We want to avoid the danger of falling into popular narratives from the left and from the right. Instead, our identity and our lives are now defined by the Gospel of Christ; this is what it means to be Christian. Therefore, let our motivations, words, and actions promote this good news. Doing so doesn’t make our voice weaker, it is more powerful and attractive.  It allows us to grieve with those who grieve,  to express anger for those who are trodden on, to forgive, and to know God will do right. 

“The eyes of the Lord are on the righteous,

    and his ears are attentive to their cry;

but the face of the Lord is against those who do evil,

    to blot out their name from the earth”. (Psalm 34:15-16)

An Australian watching America this week

“He will rescue them from oppression and violence, for precious is their blood in his sight”. (Ps 72:14)

“Blessed are the peacemakers,

    for they will be called children of God.” (Matthew 5:9)

 

Australians live many thousands of kms from the shores of the United States, but we are watching a compelling and disturbing drama unfold. It is difficult to look on and not feel a wave of strong emotions.

I am writing as an outsider and conscious of that fact. I have twice visited the USA, and have made many friends during those stays. I have visited some of the great cities that are now facing upheaval. Only yesterday I saw footage of the street where I lived for a month in Washington DC, as vehicles and trucks of the National Guard drove through carrying soldiers to a hot spot. Across the road from the Capitol Building, I have sat in a restaurant and enjoyed lunch with a brother in Christ. He is an African American and a member of the Church where I attended while in DC. As we broke bread together, we chatted and I listened to his thoughts about racial tensions in the United States. We have remained friends on Facebook. As I see him and other friends posting on Facebook this week, I am reminded to pray for them.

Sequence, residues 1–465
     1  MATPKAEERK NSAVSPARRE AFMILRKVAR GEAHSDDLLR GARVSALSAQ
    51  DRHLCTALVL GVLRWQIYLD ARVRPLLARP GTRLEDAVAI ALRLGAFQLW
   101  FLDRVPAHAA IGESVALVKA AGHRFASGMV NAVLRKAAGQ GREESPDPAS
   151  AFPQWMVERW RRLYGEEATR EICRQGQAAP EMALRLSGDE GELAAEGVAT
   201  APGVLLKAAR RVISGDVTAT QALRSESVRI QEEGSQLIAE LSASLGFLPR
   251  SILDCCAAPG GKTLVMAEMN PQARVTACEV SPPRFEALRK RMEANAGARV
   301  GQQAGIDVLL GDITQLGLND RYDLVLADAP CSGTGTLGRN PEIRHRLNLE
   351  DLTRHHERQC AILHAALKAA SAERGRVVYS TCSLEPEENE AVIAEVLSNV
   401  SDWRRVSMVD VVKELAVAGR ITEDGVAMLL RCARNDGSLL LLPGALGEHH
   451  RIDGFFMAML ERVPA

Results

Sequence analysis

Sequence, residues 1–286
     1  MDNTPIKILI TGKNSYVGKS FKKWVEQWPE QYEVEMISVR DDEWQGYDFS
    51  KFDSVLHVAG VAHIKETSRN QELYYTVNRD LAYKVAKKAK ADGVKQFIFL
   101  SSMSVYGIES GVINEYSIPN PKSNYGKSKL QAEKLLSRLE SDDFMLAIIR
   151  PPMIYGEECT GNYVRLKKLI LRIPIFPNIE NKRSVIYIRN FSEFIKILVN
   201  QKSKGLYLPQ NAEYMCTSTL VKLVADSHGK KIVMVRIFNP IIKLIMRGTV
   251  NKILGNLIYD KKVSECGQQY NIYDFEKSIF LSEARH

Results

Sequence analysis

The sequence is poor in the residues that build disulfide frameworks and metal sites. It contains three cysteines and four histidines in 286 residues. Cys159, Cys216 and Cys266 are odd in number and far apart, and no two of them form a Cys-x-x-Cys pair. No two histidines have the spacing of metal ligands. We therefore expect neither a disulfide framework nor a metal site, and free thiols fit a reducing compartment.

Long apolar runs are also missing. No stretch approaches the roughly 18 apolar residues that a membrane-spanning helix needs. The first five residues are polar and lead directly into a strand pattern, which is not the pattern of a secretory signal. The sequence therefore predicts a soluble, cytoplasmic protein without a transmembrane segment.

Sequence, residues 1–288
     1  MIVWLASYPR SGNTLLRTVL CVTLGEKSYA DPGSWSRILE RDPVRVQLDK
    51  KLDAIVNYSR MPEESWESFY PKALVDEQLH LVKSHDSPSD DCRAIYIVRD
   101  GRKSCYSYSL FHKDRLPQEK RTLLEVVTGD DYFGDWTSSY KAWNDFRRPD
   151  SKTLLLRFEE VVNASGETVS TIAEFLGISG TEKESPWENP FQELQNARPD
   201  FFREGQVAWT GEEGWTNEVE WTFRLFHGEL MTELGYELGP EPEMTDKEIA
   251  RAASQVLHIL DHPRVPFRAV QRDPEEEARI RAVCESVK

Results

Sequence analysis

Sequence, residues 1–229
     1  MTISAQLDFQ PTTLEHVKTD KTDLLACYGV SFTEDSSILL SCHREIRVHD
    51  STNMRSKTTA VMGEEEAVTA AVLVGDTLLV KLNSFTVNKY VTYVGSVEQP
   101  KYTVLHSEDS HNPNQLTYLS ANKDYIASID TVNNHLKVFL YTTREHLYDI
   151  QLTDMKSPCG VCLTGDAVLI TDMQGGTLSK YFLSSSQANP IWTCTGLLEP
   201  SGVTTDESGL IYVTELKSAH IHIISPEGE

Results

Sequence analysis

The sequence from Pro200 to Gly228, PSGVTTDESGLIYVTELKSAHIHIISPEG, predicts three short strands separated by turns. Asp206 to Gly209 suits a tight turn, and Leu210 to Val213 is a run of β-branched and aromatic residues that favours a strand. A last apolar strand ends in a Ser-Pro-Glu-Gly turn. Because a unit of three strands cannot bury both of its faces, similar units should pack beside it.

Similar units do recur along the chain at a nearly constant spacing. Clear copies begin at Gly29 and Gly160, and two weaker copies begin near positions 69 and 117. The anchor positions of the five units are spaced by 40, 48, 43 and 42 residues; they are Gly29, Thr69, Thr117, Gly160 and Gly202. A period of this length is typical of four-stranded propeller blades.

Many Images coming out of America

There are many images being shown across the world from Minneapolis to Washington DC, from Atlanta to Los Angeles. We are hearing multiple narratives told by media, politicians, and by the general public. The problem in weighing up all this information is that much of it is conflicting, some of it is unverifiable, and a lot is infused with different political and ideological agendas.

The fact is, leaving aside exchanges with friends, the noise of social media gives little place for nuance and calm. Public opinion sadly feeds off anger and loud rhetoric. Twitter is hardly known as a platform for peacemaking.